Rock carvings are prolific in Scandinavia. Our prehistoric forebears must have been particularly eager to express themselves. You’ll find them everyhwhere, and often very well preserved. In fact, there’s a large moose carving not far from my home, next to a playground. But two of the petroglyph sites are apparently more interesting than the rest. I’ve talked about the carvings in Alta up in Arctic Norway, added to UNESCO’s list in 1985. Nine years later, the ones at Tanum in Sweden joined this prestigious list of properties worthy of special protection.
While the Alta petroglyphs are from the Stone Age, the Tanum rock carvings are a bit younger; from the Bronze Age, about 3 500 years ago.
Oftentimes archaeological sites don’t offer lots to see, so it’s up to you to visualise. The Tanum rock carvings, like the ones in Arctic Alta, will help your imagination quite a bit – imagination being the operative word. The most famous carving here is called the Lovers; a main focus here seems to be love – along with power and magic. A fertility cult is thought to be connected to these carvings.
But we don’t know, of course. We can’t possibly know how people thought 3 500 years ago. Especially here, where these carvings are the only, erm, written evidence.
Take the photo above: a sign next to the carving tells us
Six figures are crouched on board the ship at the top of this rock. One of them is blowing a bronze lurhorn. Before him stands a man with his axe raised in greeting. The others lift their paddles towards the sky.
Here’s what I see: a boat (probably) with 7 figures, 6 of which are crouched: one is (possibly) blowing a horn, four are lifting something that might be paddles and one is lifting an implement which may be an axe. But how do we know the axe is raised in greeting?
My natural-born scepticism aside, I enjoyed wandering along the fields here, picturing our Bronze Age ancestors getting on with their everyday lives.
- Oslo – Gothenburg makes an excellent road trip with heaps to see and do along the way. The rock carvings at Tanum is located about halfway between these two cities.
- Driving along E6, turn off towards Tanumshede sentrum. As you pass Tanumshede church, a sign will point you in the direction of Vitlycke Museum, 2 km away.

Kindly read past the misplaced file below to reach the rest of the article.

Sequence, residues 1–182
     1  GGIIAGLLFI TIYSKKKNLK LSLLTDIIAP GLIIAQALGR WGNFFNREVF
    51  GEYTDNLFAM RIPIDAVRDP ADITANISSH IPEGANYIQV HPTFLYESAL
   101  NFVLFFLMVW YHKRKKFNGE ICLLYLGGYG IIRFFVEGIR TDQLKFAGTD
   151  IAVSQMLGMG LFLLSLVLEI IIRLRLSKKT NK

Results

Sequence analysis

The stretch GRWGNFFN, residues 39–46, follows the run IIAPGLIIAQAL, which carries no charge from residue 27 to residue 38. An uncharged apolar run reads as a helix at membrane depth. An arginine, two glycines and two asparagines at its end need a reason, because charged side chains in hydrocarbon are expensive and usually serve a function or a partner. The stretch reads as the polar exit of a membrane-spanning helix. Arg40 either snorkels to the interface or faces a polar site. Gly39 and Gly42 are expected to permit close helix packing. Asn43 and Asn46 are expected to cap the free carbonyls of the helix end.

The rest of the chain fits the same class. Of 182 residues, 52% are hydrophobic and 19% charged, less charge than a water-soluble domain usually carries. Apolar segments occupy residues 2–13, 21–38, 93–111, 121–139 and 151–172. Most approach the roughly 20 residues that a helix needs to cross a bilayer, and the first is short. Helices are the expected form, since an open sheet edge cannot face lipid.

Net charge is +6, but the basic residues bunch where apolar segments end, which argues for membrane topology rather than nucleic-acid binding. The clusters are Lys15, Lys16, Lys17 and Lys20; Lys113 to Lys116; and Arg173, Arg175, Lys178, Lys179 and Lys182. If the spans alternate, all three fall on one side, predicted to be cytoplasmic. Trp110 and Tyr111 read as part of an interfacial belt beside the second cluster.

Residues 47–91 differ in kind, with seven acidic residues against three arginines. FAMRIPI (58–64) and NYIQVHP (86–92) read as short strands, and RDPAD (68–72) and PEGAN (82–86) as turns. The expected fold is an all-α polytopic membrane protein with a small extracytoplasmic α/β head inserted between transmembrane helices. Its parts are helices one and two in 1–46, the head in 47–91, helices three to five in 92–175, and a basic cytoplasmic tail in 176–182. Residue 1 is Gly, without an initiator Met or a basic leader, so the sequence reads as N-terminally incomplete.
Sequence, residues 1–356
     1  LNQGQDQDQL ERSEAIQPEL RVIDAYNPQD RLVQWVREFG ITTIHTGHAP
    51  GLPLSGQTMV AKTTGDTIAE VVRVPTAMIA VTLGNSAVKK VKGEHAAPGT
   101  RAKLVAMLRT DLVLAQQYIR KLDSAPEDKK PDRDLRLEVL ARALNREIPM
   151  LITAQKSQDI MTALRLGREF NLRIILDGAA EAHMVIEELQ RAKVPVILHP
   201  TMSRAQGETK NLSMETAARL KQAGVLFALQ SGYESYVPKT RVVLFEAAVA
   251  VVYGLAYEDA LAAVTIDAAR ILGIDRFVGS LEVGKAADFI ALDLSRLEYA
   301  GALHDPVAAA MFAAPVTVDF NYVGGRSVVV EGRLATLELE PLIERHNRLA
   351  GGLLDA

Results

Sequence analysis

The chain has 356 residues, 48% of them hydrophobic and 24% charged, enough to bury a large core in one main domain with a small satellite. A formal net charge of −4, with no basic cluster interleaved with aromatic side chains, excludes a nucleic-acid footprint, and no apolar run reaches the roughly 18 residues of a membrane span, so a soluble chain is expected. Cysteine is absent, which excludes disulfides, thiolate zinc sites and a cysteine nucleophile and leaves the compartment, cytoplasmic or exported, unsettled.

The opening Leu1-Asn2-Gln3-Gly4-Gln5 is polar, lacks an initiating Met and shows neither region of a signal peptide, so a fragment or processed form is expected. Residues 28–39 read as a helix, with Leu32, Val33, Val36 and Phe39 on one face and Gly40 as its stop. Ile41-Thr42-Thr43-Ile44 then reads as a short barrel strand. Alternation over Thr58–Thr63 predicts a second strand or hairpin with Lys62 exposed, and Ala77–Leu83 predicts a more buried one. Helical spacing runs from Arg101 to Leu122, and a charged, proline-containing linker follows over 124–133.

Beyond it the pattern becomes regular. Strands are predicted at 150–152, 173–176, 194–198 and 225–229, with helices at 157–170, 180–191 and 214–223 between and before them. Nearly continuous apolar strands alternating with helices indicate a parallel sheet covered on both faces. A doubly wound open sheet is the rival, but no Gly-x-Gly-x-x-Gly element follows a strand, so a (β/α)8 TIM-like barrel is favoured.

- Public transport is a bit trickier, but it can be done. There are busses from Oslo, and a combination of busses and trains from Gothenburg.
- There’s a visitor centre/museum on the site as well, Vitlycke Museum – including a recreated Bronze Age village.
- The rock carvings are very easily accessible, just a short walk from the car park and museum.
- The museum is open every day from 10 – 18 from May – August; shorter hours the rest of the year. Of course, the rock carvings are there all the time, as they have been for millennia.
- Entry to the petroglyph area as well as the museum is free. There’s a gift shop, of course, the Rock Art Shop – and an ecological cafe serving Bronze Age inspired sandwiches. (Didn’t try, but fear it might be a bit heavy on the meat.)
- You can make a digital visit to the Bronze Age via a mobile app or play with geocaching.
This is part 4 of Swedish Heritage Sunday, a weekly series here on Sophie’s World this winter.
The Tanum Rock Carvings is a UNESCO World Heritage site.
Here are more UNESCO World Heritage sites we have visited around the world.
We visited Tanum during the winter, and it was spectacular then. I bet it was even more gorgeous in the summer.
Ooh, winter is a good idea, actually. I’ve been meaning to drive down to Varberg radio station, a bit further down the road – and it’s heaps of delicious snow up here now.
Fascinating … I will make an effort to see this when I make it to Scandinavia later this year!
Good. It’s easily accessible on the Oslo – Gothenburg road.
It is easy to give those rock carving a different interpretation than the official one. That’s part of their poetry:)
Fascinating! I’m going to Alta for the Norwegian workshop at the end of March so I can’t wait to see the rock carvings! Love reading your posts on Scandinavia.
I really loved you interpretation on the painting. You’re not the only one questioning. Very intriguing images. Thanks for sharing.